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Climate warning as large wildfires damage ozone layer


Megafires like those in Australia’s Black Summer can damage the ozone layer that protects life on Earth, new research suggests.

The findings are sobering given longstanding warnings that climate change will cause more frequent and intense wildfires.

Atmospheric scientists at the Massachusetts Institute of Technology in the United States believe that the composition of smoke from wildfires promotes chemical reactions that contribute to the destruction of stratospheric ozone.

Stratospheric ozone, commonly known as the ozone layer, is found in high concentrations 15 to 30 kilometers above the earth’s surface and protects life by filtering out harmful ultraviolet radiation from the sun.

Without it, the planet would be uninhabitable.

When the Black Summer fires raged across Australia in 2019-2020, they produced pyrocumulonimbus towers that released bushfire smoke into the stratosphere.

The smoke was associated with changes in the chemical composition of the upper atmosphere, including a depletion of ozone.

But how the smoke might be contributing to ozone depletion remains uncertain.

Now Professor Susan Solomon, who in the 1980s also explained the hole in the ozone layer, suggests that the mixture of chemicals in the smoke enhances the activation of chlorine radicals, the molecules that can destroy ozone.

Roger Dargaville of Victoria’s Monash University has also studied stratospheric ozone depletion and says the research shows the dangers of climate change are still being revealed.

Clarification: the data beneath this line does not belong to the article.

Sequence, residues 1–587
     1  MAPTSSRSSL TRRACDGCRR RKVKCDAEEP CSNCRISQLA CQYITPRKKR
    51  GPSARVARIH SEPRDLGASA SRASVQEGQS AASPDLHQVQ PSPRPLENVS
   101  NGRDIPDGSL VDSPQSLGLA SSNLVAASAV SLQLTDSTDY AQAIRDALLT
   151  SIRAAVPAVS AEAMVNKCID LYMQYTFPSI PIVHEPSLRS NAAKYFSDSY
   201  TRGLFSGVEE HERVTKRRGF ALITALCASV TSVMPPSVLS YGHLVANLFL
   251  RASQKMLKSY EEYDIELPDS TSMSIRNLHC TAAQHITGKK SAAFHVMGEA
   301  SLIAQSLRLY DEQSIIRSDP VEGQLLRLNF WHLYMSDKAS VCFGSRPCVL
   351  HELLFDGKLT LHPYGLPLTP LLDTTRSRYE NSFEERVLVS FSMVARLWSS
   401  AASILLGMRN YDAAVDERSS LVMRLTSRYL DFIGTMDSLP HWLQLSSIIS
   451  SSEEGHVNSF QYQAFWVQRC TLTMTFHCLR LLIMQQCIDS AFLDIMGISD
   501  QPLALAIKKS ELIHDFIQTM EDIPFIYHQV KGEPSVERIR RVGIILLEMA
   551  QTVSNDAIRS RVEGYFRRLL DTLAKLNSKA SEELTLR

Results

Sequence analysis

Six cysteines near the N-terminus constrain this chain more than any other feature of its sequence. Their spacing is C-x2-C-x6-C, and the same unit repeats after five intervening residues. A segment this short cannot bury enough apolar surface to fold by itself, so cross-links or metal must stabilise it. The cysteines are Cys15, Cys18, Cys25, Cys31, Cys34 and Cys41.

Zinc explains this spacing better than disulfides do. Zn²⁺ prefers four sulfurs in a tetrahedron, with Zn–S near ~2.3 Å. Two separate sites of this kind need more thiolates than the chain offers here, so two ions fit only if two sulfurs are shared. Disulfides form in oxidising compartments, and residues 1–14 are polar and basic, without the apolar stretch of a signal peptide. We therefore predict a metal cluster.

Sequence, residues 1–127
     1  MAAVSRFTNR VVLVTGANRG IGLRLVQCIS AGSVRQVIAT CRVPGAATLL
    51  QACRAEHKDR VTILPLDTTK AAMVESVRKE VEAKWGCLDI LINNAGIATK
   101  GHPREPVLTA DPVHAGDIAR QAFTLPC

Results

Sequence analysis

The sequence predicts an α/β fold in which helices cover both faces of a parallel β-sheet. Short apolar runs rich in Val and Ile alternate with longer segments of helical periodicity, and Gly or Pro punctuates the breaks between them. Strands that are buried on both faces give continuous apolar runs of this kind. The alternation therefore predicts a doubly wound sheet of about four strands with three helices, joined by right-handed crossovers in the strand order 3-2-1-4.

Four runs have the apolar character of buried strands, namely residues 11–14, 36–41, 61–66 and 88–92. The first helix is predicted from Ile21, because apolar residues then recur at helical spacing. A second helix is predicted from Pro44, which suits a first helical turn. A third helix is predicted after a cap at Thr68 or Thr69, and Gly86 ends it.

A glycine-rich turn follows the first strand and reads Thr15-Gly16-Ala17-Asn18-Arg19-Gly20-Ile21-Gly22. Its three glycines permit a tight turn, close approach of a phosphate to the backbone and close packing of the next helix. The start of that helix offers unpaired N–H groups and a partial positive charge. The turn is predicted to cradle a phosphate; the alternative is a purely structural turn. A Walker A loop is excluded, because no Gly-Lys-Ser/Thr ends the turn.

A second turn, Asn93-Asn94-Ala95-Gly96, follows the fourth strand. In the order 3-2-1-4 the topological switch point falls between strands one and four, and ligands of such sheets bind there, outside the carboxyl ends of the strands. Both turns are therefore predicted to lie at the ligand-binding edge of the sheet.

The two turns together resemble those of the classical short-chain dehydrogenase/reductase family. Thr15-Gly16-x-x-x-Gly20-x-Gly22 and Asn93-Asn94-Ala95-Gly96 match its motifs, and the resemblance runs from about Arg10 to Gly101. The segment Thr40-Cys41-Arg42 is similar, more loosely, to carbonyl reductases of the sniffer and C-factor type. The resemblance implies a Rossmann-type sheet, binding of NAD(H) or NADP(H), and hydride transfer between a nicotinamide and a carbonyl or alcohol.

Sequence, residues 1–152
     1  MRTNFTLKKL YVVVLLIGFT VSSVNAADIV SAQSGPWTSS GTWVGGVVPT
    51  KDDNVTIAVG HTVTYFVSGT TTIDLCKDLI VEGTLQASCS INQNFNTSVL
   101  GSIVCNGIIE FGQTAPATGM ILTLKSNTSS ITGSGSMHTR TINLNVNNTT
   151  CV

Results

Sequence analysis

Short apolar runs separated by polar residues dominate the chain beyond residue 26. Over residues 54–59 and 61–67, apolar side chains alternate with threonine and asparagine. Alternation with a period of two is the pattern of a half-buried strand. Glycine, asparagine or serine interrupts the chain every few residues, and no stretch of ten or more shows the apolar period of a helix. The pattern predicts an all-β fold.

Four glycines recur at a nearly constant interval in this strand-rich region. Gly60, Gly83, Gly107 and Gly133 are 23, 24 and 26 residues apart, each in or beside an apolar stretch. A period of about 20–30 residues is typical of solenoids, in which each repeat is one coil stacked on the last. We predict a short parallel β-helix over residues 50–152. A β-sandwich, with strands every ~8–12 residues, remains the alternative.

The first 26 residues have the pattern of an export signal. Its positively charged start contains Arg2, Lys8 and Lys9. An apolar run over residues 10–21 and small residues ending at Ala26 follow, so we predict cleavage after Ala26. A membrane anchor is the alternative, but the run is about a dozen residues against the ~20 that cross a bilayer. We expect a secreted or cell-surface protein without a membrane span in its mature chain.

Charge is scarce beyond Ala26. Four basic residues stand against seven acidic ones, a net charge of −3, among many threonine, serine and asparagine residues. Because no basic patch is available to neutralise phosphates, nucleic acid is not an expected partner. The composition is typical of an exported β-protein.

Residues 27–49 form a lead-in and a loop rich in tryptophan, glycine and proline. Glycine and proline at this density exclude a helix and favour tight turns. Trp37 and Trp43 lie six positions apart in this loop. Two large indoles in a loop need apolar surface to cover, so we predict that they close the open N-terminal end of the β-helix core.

He fears that more mega-fires could undermine successes achieved under a landmark 1987 pact that calls for a global reduction in consumption and production of around 100 ozone-depleting man-made chemicals.

“The (new paper) shows that smoke from extreme wildfires entering the stratosphere increases the potency of chlorine in the atmosphere, jeopardizing the progress achieved through the Montreal Protocol to date,” he said.

Professor Ian Rae is an expert on chemicals in the environment at the University of Melbourne’s School of Chemistry and contributed to the work behind the Montreal Protocol.

“Once you find this kind of ozone-damaging side effect of fires, not as bad as chlorofluorocarbons, but enough to measure, then you start to think we might have solved a problem for the ozone layer, but there is another. one that lurks now,” he said.

“So what are the consequences? At the moment it is not bad at all but it is an impact that is not going to disappear.

“And certainly if there are more wildfires, there will be more disturbances in the ozone layer.”

Martin Jucker, from the University of NSW and ARC Center of Excellence for Extreme Climates, says the research is of particular relevance to Australia.

While the ozone hole usually forms over Antarctica, due to low temperatures helping chlorine attack ozone, smoke from wildfires appears to be capable of causing ozone depletion in relatively warmer temperatures.

And that could cause the ozone hole to extend further towards the equator, endangering many Australians.

“If this were to happen more frequently and possibly more strongly, it would actually be right above us, so we would have more ultraviolet radiation directly hitting regions of Australia where a lot of people live,” said Dr Jucker.

“The study confirms once again that when it comes to the weather, all things are connected.”

The research work has been published in the journal Nature.